Are you wondering when and how to talk to your daughter about her Fragile X syndrome (FXS) diagnosis? If so, you are not alone. Many families struggle with deciding when the “right” time is and what to say. Here are some strategies to help in talking about your daughter’s FXS diagnosis with her.

What does it mean to have Fragile X?

Every family has something which makes them unique. In your family, that is having a daughter (and maybe other family members) with FXS. Fragile X is something people are born with, and there is nothing they or their family did to cause it. Having FXS means that your daughter may face additional challenges during school, in areas such as reading and math, and may feel uncomfortable in social settings. But this does not mean that she cannot achieve what she sets her mind to: she just may need extra help and support. Additionally, FXS is not something that she will “grow out” of but it does make up a part of who she is. Kids with Fragile X are still kids. They like to run around, play, and laugh. Having Fragile X does not affect the ability to have a long, happy, and healthy life full of possibilities. Every person faces different challenges in their lives. While Fragile X may make life a little more challenging, it also makes life much more special.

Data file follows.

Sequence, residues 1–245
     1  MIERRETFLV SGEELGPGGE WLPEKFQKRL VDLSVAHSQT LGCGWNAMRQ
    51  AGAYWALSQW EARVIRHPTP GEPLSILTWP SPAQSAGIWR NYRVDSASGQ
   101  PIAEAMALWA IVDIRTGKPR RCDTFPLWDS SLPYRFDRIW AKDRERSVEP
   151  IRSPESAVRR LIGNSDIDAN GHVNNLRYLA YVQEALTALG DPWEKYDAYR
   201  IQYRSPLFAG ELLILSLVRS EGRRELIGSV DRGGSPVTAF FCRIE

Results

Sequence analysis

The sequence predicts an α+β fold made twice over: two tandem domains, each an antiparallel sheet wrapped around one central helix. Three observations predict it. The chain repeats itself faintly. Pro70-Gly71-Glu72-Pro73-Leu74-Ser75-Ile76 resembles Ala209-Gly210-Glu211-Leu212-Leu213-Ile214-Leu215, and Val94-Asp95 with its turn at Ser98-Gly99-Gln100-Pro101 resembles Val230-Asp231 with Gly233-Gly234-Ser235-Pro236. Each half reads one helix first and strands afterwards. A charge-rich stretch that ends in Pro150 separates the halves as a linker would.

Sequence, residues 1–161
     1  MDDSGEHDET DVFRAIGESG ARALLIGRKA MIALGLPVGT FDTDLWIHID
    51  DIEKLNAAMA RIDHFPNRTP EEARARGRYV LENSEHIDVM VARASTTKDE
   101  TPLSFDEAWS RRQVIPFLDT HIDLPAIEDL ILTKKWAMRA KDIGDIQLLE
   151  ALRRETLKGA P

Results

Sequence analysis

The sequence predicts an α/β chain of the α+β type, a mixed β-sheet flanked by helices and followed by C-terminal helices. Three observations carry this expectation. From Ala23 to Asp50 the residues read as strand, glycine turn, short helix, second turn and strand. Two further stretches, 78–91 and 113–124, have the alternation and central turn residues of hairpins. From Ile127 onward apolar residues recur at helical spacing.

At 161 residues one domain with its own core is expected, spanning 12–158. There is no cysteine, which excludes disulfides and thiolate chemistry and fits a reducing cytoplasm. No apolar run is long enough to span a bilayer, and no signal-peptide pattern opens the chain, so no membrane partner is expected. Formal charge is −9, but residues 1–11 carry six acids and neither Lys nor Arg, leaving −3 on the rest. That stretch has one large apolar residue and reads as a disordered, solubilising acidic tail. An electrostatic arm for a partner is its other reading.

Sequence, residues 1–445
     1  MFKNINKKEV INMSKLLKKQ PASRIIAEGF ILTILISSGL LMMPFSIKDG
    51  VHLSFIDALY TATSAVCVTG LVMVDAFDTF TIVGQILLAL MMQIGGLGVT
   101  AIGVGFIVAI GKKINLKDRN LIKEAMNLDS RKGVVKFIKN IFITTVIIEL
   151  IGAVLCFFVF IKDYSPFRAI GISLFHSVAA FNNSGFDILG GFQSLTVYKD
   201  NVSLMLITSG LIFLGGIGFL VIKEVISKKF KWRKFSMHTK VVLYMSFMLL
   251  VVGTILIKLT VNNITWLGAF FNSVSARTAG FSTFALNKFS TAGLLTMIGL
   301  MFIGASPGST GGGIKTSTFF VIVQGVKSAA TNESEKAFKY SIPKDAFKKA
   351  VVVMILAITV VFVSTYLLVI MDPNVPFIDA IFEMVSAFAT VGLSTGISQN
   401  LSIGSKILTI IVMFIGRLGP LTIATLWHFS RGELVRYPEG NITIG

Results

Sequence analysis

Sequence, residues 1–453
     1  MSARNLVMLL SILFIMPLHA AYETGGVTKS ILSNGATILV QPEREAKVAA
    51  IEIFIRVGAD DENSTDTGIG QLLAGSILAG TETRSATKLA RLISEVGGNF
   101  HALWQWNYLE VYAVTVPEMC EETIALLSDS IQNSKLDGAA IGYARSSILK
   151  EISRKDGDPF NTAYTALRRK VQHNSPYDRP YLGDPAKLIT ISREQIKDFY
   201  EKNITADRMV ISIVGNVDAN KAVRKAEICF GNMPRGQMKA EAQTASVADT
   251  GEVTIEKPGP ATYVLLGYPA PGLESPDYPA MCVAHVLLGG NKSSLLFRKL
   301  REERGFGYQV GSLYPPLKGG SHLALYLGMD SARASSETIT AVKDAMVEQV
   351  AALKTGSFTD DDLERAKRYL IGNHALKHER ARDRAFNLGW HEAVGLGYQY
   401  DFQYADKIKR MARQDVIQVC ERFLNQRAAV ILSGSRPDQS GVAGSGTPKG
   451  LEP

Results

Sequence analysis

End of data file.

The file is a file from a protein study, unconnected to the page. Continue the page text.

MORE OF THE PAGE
When is the right time?

There is no “right” or “wrong” time to talk with your daughter about her diagnosis. Consider starting the conversation earlier rather than later so she may continually learn more about Fragile X as she gets older, rather than try to absorb a lot of new information all at once. As a parent, you may feel an instinct to protect your child from harm, stigma, and stress by delaying talking about her diagnosis. However, research shows that children wish to discuss this information as soon as possible. This reduces anxiety and increases trust in their caregivers. Children would also rather hear this information from someone they know and trust.

Children are more observant than you think. Often as children get older, they begin to compare themselves to their peers. The time may be right when your daughter starts to question why it takes her longer to learn topics in school compared to her classmates or if she questions why she sees the doctor so often. She may bring up the conversation before you are ready or had time to fully prepare. Consider thinking about this conversation before you even plan to open the dialogue, just in case. It is okay to be nervous about how your daughter will react. Learning about her diagnosis may allow her to understand why she struggles with certain things and why she may need extra help and support in school.

An ongoing conversation

Knowing exactly what to say is difficult, so ask yourself: what does my child need to know now and how much can my child handle? Consider starting a natural conversation in a relaxed, open, and familiar environment such as the dinner table or on a walk. Scheduling a specific time or event with your child to talk to them could increase their anxiety. Allow your child to direct you in how much information they wish to know. This is not a one-sided lecture, encourage them to ask questions and allow ample time for discussion.